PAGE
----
India’s $40B “God” Industry – Religion, Economics, And Social Impact

India is by far the most religious country in the world. With over 80% of the total 1.4 billion population identifying as Hindu—Islam is the second largest religion, with significant numbers of Sikhs, Christians, Buddhists, Jains, and others. Religion permeates many aspects of life across the subcontinent—for better and worse—and I will tell you why.


According to some estimates, India’s faith economy generates over $40 billion in revenue annually, making it larger than industries like tourism and hospitality. Unfortunately, unlike sectors like tourism and hospitality, it has little return on investment. Tourism should benefit a massive and diverse country like India immensely. But a mix of factors like the lack of government effort and less than welcoming behavior of a certain small but spread-out minority of Indians makes that impossible, for the moment at least.


It’s not a surprise that there are more religious sites than the number of schools, hospitals, and police stations in India.


On one hand, religious rituals and festivals form the rhythm of social life across the country. Charitable giving and volunteering are integral parts of Sikhism and Hinduism, for example.



Langar in Gurudwara | Photo by Karman on Bike


On the other hand, religion has also been a source of division, conflict, intolerance, and general backwardness in India. There are instances of discrimination and violence against people of different religions and castes. Hardline religious fundamentalism can create barriers to social reform and scientific progress. It won’t be wrong to say that religion, besides the lack of strong leadership, is one of the main reasons why India is still poor in 2024.



Discrimination against the Dalits | Credit: Dalit Solidarity Network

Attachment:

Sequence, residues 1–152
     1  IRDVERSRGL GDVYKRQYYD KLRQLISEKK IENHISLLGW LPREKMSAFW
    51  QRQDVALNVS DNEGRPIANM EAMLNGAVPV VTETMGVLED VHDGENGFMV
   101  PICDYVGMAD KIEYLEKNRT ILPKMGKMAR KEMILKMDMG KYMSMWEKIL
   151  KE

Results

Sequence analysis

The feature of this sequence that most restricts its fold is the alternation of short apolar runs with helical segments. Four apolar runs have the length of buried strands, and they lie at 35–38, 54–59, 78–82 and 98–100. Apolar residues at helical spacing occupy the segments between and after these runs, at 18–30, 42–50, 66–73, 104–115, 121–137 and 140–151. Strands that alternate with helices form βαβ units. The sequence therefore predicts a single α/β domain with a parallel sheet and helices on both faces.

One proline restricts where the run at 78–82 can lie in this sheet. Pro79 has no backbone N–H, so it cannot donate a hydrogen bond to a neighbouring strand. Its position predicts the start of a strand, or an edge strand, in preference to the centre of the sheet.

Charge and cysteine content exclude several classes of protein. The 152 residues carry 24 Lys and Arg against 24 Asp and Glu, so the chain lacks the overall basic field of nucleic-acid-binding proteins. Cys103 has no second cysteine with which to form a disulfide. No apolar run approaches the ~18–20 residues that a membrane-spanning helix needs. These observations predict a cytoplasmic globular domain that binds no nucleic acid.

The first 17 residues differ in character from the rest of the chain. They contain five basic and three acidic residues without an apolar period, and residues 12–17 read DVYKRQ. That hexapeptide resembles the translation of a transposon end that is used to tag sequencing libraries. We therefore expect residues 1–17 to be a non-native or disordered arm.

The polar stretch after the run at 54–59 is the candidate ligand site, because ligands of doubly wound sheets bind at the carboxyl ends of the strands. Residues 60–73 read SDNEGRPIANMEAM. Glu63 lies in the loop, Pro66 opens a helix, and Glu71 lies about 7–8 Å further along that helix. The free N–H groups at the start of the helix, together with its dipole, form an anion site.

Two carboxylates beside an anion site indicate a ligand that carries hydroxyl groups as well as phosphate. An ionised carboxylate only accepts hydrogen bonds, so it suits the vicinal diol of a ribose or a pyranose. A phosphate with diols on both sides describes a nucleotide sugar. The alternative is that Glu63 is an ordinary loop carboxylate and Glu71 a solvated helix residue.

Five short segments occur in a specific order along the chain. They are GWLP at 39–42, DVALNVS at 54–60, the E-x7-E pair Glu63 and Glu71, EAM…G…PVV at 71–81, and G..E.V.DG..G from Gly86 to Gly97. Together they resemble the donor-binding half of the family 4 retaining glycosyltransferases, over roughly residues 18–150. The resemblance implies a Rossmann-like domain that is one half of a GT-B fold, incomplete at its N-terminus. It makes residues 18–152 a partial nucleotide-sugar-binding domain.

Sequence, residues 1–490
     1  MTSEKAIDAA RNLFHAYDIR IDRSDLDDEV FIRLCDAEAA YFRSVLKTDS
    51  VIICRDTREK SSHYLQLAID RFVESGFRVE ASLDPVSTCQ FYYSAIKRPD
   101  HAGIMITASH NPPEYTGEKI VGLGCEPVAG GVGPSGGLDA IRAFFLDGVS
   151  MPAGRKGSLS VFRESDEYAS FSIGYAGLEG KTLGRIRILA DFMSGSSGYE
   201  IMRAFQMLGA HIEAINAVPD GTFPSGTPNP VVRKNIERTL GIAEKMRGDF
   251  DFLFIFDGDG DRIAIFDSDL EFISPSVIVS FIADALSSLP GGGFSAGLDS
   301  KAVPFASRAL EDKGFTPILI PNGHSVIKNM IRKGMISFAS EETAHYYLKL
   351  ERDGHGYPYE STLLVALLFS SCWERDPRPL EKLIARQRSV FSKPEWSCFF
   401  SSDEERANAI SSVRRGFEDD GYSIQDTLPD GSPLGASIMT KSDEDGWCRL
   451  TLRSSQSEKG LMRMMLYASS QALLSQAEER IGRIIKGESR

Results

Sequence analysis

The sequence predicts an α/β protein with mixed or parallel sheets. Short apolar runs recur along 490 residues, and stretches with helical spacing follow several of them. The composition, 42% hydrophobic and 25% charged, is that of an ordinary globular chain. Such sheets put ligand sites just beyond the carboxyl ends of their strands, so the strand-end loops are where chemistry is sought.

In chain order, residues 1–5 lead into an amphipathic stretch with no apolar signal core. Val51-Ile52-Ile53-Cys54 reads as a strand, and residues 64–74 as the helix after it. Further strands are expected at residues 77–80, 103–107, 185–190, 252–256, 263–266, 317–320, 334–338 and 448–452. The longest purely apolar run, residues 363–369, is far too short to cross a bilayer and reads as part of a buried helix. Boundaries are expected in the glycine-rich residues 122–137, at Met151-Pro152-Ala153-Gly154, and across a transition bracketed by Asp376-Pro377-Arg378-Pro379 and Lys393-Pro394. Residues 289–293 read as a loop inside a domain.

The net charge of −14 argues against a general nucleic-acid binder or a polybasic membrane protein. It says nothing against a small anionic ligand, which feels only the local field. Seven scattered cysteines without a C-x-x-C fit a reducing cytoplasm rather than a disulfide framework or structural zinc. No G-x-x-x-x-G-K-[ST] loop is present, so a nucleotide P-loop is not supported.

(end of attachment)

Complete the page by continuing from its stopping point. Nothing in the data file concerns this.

This complex dynamic between religion, society, and politics in the world’s largest democracy merits a nuanced examination. And here it starts.



Economics of Religion in India


Indians spend over $40 billion (₹3.02 Lakh Crores) annually on religious activities, including donations to a deity and voluntary public work, to buying homeware temples, idols, and material for sacrifice. The vast majority goes towards ceremonies, offerings, fees, and donations at places of worship. While this finances religious institutions, it raises questions about opportunity costs! And we’re talking about the opportunities for the people who spend on religion for their collective well-being.


Critics (rightfully) argue this expenditure could be better used for development initiatives, improving healthcare, education, nutrition, and security, which will, in theory at least, be more beneficial for the people than sacrificing coconuts, fruits, flowers, and donating expensive ornaments to an eternal deity or an omnipotent god. Defenders counter that faith provides essential spiritual and social support. Attempts to divert these funds would meet resistance. Ultimately, individuals should have the freedom to donate as per their beliefs. 



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However, that does not negate the fact that reforms are needed in some practices. Costly rituals and festivals strain household budgets, trap families in debt, and lead to distressed sales of land and assets – for little good. Worst of all, religion (in some capacity) has been and will always be used to exploit the afraid, poor, and vulnerable. Let’s be clear about it. 


Transparency in temple finances and management is critical – exploitation by self-serving clergy has occurred.


Progressive streams in all faiths should encourage austerity, community service over empty rituals, and gender equality. India’s faith economy seems likely to remain relatively high for a while. While bringing benefits, excess comes at a societal cost. Achieving a balance is the challenge at hand.



Religion as a Double-Edged Sword